Maradona had his fair share of controversy throughout his career, both on and off the pitch. Off the pitch he suffered from cocaine addiction, a topic only covered briefly here with no acknowledgment given to rehab or attributing any of the problems he faced in his life to his addiction. This is a must-have for football fans, but I wouldn’t recommend it to those who don’t follow football. Too many topics are either addressed briefly or missing for it comprehensively cover his life story and appeal to a wider audience.
4. My Autobiography – Gary Neville
“The most hated player in the country,” Gary Neville, one club man who played under the most successful manager in British football, Alex Ferguson. His label came from the media following Neville’s outburst at Rio Ferdinand being dropped from the England side in 2004 after missing a drugs test, where he tried to rally the England side together to strike. “The media weren’t exactly rushing to support a load of millionaires threatening to go on strike,” he says of the situation.
His autobiography is written with incredibly honesty. He is not shy to admit he wasn’t the most technically gifted player, but cites his mental strength and resilience as characteristics that enabled him to play at the top level for so long. He shares many interesting stories about David Beckham, Eric Cantona, Roy Keane, Paul Scholes, Alex Ferguson, difficulty playing for the national side and the rivalry with Liverpool. A compelling read for football fans, particularly Manchester United fans given the constant glorification of the club, and offers inspiration to those whose abilities are exceeded by their work rate and self-confidence.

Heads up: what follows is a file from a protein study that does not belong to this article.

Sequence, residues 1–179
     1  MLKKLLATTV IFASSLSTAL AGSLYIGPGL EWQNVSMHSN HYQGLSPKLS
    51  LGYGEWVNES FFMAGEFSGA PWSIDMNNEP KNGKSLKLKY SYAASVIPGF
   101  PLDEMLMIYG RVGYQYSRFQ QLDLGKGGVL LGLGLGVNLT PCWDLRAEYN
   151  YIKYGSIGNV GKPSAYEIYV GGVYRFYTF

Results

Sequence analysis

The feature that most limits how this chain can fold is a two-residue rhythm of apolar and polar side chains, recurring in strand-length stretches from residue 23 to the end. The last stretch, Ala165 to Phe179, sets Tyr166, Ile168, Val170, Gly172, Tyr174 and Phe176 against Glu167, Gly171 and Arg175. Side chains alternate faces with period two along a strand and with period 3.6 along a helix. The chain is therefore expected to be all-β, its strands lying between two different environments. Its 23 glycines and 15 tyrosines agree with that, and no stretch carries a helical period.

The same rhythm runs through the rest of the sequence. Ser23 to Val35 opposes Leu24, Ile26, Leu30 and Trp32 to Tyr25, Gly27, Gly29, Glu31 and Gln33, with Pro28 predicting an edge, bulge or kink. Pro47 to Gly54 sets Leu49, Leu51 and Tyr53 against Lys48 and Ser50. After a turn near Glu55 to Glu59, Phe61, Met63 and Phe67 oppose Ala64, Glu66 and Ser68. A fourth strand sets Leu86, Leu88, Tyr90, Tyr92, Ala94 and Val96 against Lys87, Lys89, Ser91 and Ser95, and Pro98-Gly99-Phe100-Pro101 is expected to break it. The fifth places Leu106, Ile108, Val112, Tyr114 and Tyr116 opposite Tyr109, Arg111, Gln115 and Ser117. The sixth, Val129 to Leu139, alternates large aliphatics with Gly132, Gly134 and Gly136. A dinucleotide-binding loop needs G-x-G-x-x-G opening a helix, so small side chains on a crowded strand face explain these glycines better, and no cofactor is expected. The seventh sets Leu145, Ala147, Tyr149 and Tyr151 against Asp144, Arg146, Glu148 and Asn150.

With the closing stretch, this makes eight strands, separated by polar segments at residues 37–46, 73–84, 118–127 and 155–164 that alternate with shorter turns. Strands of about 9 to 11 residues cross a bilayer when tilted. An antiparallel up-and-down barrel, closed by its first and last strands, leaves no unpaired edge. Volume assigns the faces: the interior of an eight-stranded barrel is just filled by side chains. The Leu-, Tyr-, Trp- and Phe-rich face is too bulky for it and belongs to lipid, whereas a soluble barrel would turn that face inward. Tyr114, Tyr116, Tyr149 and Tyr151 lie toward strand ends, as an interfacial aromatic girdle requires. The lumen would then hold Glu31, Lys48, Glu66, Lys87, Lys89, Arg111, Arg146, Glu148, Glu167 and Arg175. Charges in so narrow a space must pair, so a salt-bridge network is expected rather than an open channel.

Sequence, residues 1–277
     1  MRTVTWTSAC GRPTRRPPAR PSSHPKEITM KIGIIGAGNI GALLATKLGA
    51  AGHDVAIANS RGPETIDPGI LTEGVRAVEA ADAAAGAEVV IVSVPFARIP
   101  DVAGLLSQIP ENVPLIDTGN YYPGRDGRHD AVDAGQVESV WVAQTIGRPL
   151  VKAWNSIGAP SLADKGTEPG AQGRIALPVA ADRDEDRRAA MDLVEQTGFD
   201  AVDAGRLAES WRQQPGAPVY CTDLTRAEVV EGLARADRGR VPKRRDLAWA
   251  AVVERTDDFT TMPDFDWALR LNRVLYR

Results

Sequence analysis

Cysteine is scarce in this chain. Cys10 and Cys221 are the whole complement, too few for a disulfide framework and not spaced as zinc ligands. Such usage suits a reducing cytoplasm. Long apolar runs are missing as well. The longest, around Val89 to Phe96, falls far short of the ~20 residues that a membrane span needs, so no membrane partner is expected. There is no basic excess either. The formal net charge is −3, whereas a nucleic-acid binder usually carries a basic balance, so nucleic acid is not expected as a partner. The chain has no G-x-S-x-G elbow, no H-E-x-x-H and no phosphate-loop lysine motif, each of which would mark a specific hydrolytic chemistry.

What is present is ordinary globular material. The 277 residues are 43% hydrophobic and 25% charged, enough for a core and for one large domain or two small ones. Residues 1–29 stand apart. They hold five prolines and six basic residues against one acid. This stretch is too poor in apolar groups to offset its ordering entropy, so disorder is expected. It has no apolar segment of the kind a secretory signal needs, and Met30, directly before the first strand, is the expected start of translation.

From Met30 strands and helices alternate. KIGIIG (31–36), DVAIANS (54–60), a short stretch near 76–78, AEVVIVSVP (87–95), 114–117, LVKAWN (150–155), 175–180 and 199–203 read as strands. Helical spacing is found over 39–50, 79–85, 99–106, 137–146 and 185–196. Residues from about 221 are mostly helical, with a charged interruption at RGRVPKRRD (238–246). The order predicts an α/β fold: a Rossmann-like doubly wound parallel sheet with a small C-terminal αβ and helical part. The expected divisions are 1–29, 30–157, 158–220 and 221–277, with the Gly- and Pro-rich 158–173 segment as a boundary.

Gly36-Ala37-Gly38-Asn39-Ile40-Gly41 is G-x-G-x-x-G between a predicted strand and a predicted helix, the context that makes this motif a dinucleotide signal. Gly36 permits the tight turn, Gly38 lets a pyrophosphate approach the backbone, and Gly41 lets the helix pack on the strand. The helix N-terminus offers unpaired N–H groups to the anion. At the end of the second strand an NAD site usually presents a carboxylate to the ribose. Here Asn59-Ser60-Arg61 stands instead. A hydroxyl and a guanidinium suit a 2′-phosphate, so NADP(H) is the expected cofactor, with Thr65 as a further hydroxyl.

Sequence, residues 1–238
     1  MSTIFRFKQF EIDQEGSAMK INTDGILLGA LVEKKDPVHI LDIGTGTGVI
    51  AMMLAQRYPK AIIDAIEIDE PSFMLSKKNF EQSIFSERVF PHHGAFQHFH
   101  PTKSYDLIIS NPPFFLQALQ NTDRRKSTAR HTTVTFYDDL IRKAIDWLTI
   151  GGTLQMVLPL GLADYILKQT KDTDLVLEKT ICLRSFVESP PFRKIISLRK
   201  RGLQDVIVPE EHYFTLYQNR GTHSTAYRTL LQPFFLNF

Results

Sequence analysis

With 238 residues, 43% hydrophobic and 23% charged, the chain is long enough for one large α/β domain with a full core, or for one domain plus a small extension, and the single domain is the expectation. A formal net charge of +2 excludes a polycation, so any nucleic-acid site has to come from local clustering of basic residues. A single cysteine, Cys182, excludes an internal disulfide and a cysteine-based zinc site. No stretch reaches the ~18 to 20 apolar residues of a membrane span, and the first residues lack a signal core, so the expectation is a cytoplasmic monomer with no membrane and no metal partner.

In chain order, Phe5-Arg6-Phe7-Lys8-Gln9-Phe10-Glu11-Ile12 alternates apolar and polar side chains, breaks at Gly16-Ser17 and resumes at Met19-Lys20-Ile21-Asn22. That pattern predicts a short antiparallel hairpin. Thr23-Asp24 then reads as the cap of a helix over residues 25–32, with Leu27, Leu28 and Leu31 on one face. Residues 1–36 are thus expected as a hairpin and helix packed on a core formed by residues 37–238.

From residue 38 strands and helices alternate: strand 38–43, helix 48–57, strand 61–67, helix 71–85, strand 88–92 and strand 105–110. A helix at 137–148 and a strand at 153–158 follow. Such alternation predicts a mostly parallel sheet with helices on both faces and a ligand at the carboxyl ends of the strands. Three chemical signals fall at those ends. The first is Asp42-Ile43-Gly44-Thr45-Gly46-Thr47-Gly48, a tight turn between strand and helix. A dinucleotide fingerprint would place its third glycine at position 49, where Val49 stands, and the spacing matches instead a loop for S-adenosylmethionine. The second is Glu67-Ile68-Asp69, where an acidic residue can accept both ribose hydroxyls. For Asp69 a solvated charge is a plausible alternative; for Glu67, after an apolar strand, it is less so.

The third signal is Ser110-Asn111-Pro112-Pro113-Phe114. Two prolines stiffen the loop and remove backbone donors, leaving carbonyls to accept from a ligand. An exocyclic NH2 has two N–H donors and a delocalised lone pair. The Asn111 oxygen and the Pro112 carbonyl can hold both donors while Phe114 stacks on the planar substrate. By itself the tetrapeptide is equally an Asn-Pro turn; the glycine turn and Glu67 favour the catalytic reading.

3. A Life Too Short – Robert Enke
The heartbreaking story of Robert Enke, Hannover goalkeeper who also played for Borussia Monchengladbach, Benfica and Barcelona, who took his own life in November of 2009. Enke suffered from depression, which was revealed by his wife Teresa following his death, and had to cope with the loss of their two-year-old daughter, Lara, to a heart defect. Written by Enke’s friend, Ronald Reng, the book won the 2011 William Hill Sports Book of the Year.